Each year, The Masie Center introduces us to 30 young leaders in the learning industry with its 30 Under 30 award. Maestro has the privilege of interviewing several of these individuals each year. We look forward to hearing their fresh perspectives and getting a glimpse of their predictions for the future of the learning industry.
Today, we share with you an interview with Corporate Trainer at Ferguson Enterprises, Faith Daniels.
Tell us a little bit about your company and your role within it.
Faith: Ferguson Enterprises is best known nation-wide as a wholesale distributor of plumbing supplies. We are becoming more prevalent in the HVAC, Industrial, and Waterworks divisions as well. My role within the company is (primarily) to provide professional development and leadership training to our associates. I am responsible for a program called Culture & Values, where our sales management trainees come to our corporate office for the better part of a week to develop perspective, teamwork, leadership qualities and communication skills.
I also “moonlight” as a web-based training developer, and assist with onboarding guides when the need arises.
Tell us about some of the things you are doing to keep learners engaged.
Faith: To better keep learners engaged, we are opening our ears to their wants and needs. I ask, as often as possible, what learners want and where the opportunity exists for me to improve and better meet their needs. In instructor-led classes, we are giving more opportunities to interact with learners and offering more breaks and open forum times. In web-based training, we are finding ways to include learners through Knowledge Checks and fill-in-the-blank resource guides.
How have you seen technology incorporated into learning?
Faith: We have done our best to incorporate technology into learning in a few ways. Recently, we invested in “clickers” and software to use for polling audiences through multiple choice questions. We are also in the process of finding uses for tablets, and many of our onsite classrooms offer SMART boards for instructors to use. There was recently a push for an investment in upgraded eLearning software, which we are thrilled to now be using, and are looking further into the possibility of allowing mobile learning and video use for our department.
What challenges do you see for the next generation of learning leaders — people like you?
Faith: Truthfully, there are a few challenges for our generation. As we mentioned in our portion of the Opening Session of Learning 2014, people in older generations often assume that we want technology, technology, technology. If I am being honest, I don’t own a tablet… or an mp3 player …or an e-reader. I am old fashioned, and prefer actual books, CDs that come with the lyrics written in the jewel case book, and an actual computer in front of me. I don’t know that it is fair to assume that because I fall into a certain age range I prefer technology over anything else. I also foresee problems with the generation after us. Much like the Baby Boomers and Generation X experienced with us, I feel as though we will struggle with communication, attention span, and learning needs.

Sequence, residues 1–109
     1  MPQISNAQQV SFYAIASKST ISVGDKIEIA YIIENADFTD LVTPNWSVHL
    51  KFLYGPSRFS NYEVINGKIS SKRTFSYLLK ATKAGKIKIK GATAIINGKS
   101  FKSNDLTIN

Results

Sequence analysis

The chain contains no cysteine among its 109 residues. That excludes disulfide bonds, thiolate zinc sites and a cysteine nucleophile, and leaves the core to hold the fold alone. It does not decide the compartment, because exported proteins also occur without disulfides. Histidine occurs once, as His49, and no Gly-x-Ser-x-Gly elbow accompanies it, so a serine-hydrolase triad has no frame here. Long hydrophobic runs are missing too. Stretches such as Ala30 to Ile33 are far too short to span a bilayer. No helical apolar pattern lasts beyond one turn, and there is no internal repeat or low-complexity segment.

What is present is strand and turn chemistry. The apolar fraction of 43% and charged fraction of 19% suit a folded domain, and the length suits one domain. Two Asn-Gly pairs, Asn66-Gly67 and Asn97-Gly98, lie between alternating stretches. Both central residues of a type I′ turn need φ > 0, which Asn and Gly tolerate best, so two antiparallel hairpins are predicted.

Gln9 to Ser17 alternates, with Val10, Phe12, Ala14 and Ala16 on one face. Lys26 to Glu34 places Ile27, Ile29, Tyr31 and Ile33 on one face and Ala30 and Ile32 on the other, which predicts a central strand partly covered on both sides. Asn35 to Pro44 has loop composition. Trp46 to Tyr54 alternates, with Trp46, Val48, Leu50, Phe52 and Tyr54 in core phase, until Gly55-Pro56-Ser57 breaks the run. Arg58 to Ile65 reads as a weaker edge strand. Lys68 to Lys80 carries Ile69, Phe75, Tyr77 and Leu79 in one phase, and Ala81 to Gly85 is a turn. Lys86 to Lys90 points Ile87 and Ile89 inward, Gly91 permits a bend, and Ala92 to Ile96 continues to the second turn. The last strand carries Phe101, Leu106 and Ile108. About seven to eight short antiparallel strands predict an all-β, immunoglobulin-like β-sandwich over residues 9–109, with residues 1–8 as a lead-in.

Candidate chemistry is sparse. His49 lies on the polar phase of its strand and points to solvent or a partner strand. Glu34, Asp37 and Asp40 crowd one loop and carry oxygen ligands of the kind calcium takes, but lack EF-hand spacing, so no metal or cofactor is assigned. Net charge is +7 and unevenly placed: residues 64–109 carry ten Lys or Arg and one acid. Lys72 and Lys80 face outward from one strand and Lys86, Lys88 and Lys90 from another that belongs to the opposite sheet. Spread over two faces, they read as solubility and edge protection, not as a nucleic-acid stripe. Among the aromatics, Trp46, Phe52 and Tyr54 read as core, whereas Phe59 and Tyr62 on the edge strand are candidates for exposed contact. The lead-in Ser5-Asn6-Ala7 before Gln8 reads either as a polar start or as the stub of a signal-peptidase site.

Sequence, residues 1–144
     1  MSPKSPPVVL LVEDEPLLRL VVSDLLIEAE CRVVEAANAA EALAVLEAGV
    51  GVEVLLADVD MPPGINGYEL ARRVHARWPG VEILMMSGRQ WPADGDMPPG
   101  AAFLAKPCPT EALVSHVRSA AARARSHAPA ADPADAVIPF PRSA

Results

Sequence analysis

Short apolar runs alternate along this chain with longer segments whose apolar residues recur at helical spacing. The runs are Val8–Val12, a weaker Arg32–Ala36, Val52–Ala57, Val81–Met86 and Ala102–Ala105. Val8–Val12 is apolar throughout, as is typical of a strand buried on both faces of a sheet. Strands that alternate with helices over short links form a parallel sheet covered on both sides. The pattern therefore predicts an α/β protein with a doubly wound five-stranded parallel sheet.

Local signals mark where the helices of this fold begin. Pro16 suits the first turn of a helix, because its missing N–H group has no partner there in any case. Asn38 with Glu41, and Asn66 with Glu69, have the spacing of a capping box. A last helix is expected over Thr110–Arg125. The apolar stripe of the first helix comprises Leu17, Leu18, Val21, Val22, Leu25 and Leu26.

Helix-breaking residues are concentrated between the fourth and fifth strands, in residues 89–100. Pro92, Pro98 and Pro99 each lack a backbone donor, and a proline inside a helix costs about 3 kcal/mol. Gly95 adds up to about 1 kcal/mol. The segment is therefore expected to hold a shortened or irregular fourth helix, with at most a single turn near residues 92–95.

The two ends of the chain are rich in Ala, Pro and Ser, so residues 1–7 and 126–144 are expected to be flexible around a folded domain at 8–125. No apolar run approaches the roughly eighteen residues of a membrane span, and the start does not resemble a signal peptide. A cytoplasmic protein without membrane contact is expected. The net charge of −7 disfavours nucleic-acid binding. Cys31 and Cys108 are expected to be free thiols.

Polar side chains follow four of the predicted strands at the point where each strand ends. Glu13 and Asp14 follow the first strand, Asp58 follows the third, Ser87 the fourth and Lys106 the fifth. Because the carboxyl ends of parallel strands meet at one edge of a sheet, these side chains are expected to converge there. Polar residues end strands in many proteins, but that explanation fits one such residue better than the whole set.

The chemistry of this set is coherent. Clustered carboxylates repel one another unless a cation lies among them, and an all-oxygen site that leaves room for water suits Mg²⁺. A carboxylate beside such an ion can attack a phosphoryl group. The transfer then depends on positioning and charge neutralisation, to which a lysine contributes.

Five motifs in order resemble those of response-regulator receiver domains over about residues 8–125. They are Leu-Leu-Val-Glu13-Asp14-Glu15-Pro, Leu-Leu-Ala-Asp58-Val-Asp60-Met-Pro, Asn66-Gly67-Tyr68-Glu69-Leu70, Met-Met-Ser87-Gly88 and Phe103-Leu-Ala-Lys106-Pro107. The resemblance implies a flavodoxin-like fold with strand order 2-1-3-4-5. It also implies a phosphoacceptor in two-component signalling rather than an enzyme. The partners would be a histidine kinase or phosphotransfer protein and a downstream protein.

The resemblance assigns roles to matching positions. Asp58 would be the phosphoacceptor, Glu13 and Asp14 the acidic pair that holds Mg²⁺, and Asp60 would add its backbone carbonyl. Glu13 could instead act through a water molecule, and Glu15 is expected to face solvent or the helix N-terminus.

What excites you about the future of learning?
Faith: The future of learning will really be exciting. One (definite) positive aspect of the current and upcoming generations is that we/they are so brutally honest. If a learner isn’t having their needs met, they will voice the concern and usually offer an opinion on how to better meet them. There also seem to be endless ways to convey a message. I am looking forward to seeing more drones, robots, and video included in training. In the future, we will be able to convey a message in multiple ways so that all types of learners are engaged, and really get as much as they can out of learning. I truly believe that learning will become more of an experience than an event.
Want to learn more? Get connected with Faith!
Follow on Twitter: @Faith_Daniels57
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